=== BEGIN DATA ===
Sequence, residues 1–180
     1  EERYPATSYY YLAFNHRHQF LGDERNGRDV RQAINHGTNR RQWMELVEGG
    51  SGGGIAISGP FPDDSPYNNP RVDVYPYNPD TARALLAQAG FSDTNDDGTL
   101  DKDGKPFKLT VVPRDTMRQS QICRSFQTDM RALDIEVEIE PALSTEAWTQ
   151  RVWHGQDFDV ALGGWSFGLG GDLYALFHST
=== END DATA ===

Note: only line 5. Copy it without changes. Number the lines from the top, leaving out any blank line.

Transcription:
   151  RVWHGQDFDV ALGGWSFGLG GDLYALFHST